When you are discharged from the hospital, if you are sufficiently recovered and have family members who can help you convalesce, you may go directly home.
Your home wasn’t designed to accommodate a stroke survivor, so it may need some modifications. Furniture may need to be moved — or in some cases even removed — so that you have a clear pathway from room to room and even within a room, particularly if you’re using a wheelchair or a walker. Bathrooms and showers may need to be refitted with grab bars on the wall so that you can more easily get up and stand. One study showed that nearly 40% of stroke survivors suffered a serious fall within a year after their strokes occurred.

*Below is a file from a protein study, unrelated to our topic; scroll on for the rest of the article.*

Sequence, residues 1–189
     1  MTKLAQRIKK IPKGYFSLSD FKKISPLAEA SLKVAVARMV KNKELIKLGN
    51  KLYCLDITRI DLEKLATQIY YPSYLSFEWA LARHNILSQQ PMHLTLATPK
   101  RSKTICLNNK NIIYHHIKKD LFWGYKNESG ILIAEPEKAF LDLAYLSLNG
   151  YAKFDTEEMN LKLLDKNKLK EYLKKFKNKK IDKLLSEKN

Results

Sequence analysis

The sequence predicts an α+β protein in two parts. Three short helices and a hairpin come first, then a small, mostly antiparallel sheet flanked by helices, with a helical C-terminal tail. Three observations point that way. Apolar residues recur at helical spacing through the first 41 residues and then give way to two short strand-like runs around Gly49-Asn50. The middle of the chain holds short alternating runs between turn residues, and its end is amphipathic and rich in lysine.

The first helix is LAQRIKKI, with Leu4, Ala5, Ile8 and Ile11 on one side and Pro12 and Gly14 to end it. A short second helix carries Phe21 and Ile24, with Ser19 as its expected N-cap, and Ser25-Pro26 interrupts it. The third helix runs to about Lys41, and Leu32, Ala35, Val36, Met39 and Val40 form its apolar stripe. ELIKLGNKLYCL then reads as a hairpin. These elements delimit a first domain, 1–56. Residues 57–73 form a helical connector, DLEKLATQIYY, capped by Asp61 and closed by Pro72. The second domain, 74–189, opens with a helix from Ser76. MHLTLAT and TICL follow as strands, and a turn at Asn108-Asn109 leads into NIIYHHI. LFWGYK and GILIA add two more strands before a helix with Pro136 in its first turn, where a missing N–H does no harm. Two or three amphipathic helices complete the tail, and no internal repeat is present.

Your treatment will very likely continue at home. A physical therapist or other health care professional may come one or more times a week to treat you and to assess your progress.
If your team determines that your condition still requires extensive therapy, your doctor may send you to a specialized rehabilitation facility where you can continue your recovery until you are sufficiently independent to go home.
Some stroke survivors are so afflicted that they need ongoing nursing care, on a low level basis or even 24/7. Such patients may go from the hospital directly to a nursing home.